Literacy Conferences to Reach All Students

Radical Listening: Reading and Writing Conferences to Reach All Students
By Dan Feigelson
(Scholastic Inc., 2022 – Learn more)

Reviewed by Anne Anderson

Dan Feigelson’s Radical Listening (grades 2-8) needs to be on your short list for professional books. In a very powerful foreword, Cornelius Minor writes, “The most transformative and memorable moments in a classroom are not those when an educator is presenting to the whole class. They are the moments when an educator takes the time to see, to hear, and to teach an individual student.” (p.7)

That’s what Feigelson does throughout his book. He shares stories, step-by-step ideas for how to listen, and how to extend student learning.

According to Feigelson, the key to conferring successfully is listening to children. Here are Feigelson’s Four Principles of Listening Reading and Writing Conferences:

1. Concentrate on learning before you worry about teaching.
2. Be curious. Ask questions.
3. Listen for the strength, not the deficit.
4. Listen for the general in the specific.

As he details each principle, Feigelson offers numerous examples from his work with students and teachers in the U.S. and in international schools. Additional support is provided with quotations from respected colleagues in reading and writing: Carl Anderson, Lucy Calkins, Ruth Culham, and Ellin Keene. (They just happen to be some of my favorite people!)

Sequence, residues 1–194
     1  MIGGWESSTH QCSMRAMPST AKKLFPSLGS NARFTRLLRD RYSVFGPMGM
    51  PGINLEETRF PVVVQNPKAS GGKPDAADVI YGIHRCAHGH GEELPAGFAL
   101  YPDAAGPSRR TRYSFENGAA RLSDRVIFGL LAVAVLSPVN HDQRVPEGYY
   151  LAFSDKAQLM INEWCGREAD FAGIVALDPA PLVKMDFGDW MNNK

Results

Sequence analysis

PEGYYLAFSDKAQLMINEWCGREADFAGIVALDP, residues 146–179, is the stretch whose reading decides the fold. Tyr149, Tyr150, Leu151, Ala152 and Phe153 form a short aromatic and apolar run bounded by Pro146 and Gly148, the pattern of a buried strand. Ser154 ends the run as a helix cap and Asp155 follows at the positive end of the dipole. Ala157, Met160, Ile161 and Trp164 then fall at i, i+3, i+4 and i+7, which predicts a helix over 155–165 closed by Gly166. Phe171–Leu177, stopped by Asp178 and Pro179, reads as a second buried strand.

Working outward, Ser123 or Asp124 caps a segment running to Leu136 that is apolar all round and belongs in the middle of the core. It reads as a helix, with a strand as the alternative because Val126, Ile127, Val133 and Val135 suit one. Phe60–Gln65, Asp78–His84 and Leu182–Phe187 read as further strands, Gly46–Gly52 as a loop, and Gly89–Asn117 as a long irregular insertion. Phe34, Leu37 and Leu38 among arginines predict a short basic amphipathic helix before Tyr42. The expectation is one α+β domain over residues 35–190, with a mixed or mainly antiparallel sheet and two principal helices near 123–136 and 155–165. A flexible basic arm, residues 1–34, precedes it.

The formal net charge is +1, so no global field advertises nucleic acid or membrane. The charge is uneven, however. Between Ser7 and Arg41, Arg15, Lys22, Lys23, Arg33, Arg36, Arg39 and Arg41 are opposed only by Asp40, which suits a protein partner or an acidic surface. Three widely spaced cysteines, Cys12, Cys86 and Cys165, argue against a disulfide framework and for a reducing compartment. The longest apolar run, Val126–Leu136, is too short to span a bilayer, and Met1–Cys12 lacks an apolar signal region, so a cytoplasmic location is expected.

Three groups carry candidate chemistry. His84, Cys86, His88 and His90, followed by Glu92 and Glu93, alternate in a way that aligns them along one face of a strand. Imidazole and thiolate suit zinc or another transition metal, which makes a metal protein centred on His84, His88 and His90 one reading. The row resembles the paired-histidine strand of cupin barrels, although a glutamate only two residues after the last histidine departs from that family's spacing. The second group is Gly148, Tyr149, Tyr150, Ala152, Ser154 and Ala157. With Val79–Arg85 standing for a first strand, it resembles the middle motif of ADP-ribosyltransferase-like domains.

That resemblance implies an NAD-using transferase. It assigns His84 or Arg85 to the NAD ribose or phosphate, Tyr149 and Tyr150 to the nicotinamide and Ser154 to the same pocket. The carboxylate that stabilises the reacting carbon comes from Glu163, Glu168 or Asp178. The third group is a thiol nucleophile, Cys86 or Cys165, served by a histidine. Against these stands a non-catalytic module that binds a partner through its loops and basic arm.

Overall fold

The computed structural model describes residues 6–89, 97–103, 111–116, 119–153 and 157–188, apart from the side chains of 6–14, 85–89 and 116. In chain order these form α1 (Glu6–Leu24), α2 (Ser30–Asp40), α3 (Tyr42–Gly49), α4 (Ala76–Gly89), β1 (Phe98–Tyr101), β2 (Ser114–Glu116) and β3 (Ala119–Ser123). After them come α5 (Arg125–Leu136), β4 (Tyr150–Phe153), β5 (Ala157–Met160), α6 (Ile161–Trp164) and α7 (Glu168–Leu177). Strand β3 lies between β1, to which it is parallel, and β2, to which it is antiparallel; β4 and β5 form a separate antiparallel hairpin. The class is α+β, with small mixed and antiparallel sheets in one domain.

Readers can also find great advice for dealing with the pressures of standards, curriculum, and assessments. Readers will likely see themselves or their students in this book.

The author’s suggestions are practical and should be easy to implement. Here’s one example from page 17: “A general rule of thumb is to listen for the most interesting parts of what a student says, and ask her to ‘say more about that’ at least three times before leaping in with teacher content.”

Chapter 2 addresses Conferring Basics. This chart from page 25 gives teachers a quick view of the similarities and differences between reading and writing conferences.
Feigelson suggests three competencies a teacher will use when conferring with students, whether it is a reading conference or writing conference.

  • Competency 1: Content Knowledge
  • Competency 2: Diagnostic Listening
  • Competency 3: Structure, Sequence, and Pacing

Following the explanation of these competencies, teachers will find a rubric to support their growth and change.

In Chapter Three, Individual Reading Conferences, the author begins with some basic reminders about teaching reading. He includes a cheat sheet summarizing some of the content of comprehension. He continues to provide guidance with his Steps in a Reading Conference chart. “These steps and their order are not set in stone, by any means.” (p. 42)

Take time to carefully read Conference with Amari (pp. 43-46). The transcript of the reading conference between Feigelson and this second grader, along with the author’s personal notes and comments provide the reader some excellent, up-close, and personal professional development. He even suggests a Professional Development/Grade-Meeting Activity to help teachers grow as listeners.